I hear that whenever someone in the White House tells a lie, Nixon gets a royalty.


Cult of Trump

Now that the United States Senate is finished with impeachment, the Cult of Donald Trump is now armed with the knowledge that ‘The Dear Leader’ is innocent of all charges against him. Before long, things of this nature tend to get out of hand, however all cults are not necessarily a bad thing and many cultists are darn good people. Someone who knows a thing or two about cults, Steven Hassan, is an American mental health counselor who has written extensively on the subject of mind control and how to help people who have been harmed by cults. I suggest the US Congress create a new Committee on Political Cults, similar to the Parliamentary Commission on Cults in France following the so-called ‘Order of the Solar Temple’ mass suicides in the 1990s, with Mr. Hassan appointed as it’s first director. His personal experience being a former member of the Unification Church, or the so-called ‘Moonies’ of the 1970s gave him all the experience he needs for the job and Mr. Hassan has become one of the most respected authorities on the subject of cults and mind control in the world. Just last October he published his fourth book, The Cult of Trump: A Leading Cult Expert Explains How the President Uses Mind Control where he explains the problem we all face and what we can do about reversing the damage. Most of us think that we are totally above these sorts of shenanigans and know better than the experts, but you’d be surprised how easy it is to fall the victim of a cult leader.


3 Whistleblowers

Photo Illustration: ABC News

Here we are at the end of a decade and sometimes that means the end of an era. The 80’s ended with a thud and we’ll see if the 10’s live to be remembered as the decade in which we all finally lost our minds and with this in mind, let’s now affix our tin foil hats and review some of the many conspiracy theories that have swirled around since I was born. The greatest conspiracy theory of all time, the conspiracy by which all other conspiracies are measured is of course the Kennedy Assassination, our 35th President was murdered on November 22, 1963 by self-avowed Communist and former US Marine, Soviet-defector Lee Harvey Oswald and that case is still open. On New Year’s Day in 1979, the House Subcommittee on Assassinations released it’s shocking findings that, on the basis of the evidence available to the committee at the time, there was a 90% probability that President John F. Kennedy was assassinated as the result of a conspiracy. The committee was unable, however, to identify any other gunman or the extent of the conspiracy. The earlier Warren Commission, formed by President Lyndon Johnson just after the trauma of the murder had subsided, had the initial effect of answering some of the most basic questions the American public had about the assassination that unfolded in front of our eyes in Dallas, the Warren report was at first accepted as the most definitive, exhaustive investigation of any crime in history.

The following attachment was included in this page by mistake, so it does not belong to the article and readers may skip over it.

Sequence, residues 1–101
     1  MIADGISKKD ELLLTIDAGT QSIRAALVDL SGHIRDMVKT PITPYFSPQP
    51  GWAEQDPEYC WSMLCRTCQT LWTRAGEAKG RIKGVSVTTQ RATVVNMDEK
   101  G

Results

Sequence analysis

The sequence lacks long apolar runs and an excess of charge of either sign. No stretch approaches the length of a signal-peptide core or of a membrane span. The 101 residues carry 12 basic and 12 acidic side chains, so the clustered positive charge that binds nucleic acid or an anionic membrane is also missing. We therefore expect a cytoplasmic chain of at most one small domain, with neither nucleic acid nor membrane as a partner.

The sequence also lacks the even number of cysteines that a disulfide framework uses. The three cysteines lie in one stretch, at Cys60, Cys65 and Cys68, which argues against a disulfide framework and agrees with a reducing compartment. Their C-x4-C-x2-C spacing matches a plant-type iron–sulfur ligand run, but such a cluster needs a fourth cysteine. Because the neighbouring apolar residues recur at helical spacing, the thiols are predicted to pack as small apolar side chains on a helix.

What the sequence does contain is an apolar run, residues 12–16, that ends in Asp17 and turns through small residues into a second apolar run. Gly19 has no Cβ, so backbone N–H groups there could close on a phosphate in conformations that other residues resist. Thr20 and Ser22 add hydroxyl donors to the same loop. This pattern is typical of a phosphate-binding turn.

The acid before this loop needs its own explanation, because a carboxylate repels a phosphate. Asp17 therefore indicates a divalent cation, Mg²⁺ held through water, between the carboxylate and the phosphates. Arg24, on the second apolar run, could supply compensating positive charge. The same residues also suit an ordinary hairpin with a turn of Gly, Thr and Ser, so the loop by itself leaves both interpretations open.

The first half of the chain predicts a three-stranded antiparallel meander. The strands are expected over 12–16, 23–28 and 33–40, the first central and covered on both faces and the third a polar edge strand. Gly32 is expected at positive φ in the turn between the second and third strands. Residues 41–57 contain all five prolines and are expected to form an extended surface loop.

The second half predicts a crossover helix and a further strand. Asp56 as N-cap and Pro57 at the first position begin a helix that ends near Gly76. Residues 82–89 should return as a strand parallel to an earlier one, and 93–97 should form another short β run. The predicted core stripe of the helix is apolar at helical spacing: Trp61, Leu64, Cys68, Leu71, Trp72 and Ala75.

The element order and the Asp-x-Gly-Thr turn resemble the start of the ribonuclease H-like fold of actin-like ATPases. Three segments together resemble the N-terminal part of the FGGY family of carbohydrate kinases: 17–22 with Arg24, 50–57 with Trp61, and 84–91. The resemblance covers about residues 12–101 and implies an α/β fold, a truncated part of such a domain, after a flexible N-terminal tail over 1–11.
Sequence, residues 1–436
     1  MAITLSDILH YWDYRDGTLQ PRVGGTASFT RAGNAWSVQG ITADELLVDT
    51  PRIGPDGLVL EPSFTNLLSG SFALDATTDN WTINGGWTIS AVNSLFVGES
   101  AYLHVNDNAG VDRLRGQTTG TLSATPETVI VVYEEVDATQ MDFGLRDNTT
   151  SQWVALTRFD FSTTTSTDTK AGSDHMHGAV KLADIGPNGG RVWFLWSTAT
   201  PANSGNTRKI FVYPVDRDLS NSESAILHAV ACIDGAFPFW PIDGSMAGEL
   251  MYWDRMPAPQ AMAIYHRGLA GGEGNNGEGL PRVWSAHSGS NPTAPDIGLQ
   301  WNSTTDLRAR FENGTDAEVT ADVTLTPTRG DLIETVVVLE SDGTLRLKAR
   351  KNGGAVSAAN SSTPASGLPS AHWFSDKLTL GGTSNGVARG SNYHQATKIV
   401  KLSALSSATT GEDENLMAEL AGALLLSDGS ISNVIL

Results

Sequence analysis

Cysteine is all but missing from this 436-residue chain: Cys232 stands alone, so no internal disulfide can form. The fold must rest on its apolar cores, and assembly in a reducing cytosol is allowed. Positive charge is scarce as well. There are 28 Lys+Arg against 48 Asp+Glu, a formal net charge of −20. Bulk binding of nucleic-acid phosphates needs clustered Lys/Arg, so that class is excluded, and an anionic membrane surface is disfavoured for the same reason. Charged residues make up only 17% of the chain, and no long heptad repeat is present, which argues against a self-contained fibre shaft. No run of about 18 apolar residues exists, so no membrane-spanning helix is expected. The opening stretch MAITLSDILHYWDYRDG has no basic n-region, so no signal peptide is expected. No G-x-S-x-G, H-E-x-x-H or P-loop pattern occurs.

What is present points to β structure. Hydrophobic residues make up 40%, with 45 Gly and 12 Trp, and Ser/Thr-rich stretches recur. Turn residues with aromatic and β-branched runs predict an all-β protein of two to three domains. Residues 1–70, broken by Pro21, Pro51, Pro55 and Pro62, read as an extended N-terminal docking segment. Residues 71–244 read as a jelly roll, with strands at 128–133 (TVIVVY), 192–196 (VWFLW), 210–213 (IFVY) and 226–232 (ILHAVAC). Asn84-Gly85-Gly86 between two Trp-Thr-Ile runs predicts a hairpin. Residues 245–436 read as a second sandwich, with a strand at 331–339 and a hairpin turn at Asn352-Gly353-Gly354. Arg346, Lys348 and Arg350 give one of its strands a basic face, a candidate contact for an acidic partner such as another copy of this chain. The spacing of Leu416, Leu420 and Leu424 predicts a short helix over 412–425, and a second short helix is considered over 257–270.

A Very Big Thing

Eighty years ago today, the Winter War began, where Joseph Stalin had been granted Finland in a ‘quid-pro-quo’ with Adolph Hitler, prior to the Barbarossa offensive, a dazed and confused Russia (referred to in international circles at the time as the ‘Soviet Union’) were bloodied and basically beaten after just three months of battle, where Russia suffered 134,000 to 138,000 dead or missing with estimates as high as 167,976 by the Russian State Military Archive in this early ‘war’ of WWII and the following Continuation War pushed the numbers far higher for both sides.



(Pablo Martinez Monsivais/AP)

Happy Halloween, the one time of the year that adults are allowed to dress up in costumes, get drunk, eat tons of candy — and it’s all for the kids! This year, Halloween is especially scary because today is also the very day that the President of the United States, Donald J. Trump got impeached. It was a rough week for the president*, starting with the humiliating chorus of boos from the ‘swampy’ Washington Nationals fans, who exorcised the latest Curse of the Trumpino with their throaty disapproval of The Donald and the bad vibes that followed him to the ballgame last Sunday night. The week then featured an honest-to God Ken Burns-esque American hero standing up to the White House, testifying to Congress, thus sinking the final nail in the Trump coffin, after Trump World besmirched the character of this American hero, Lt. Col. Alexander Vindman.


RSS BBC America

RSS The Wall Street Journal

RSS BBC America

RSS CBS MarketWatch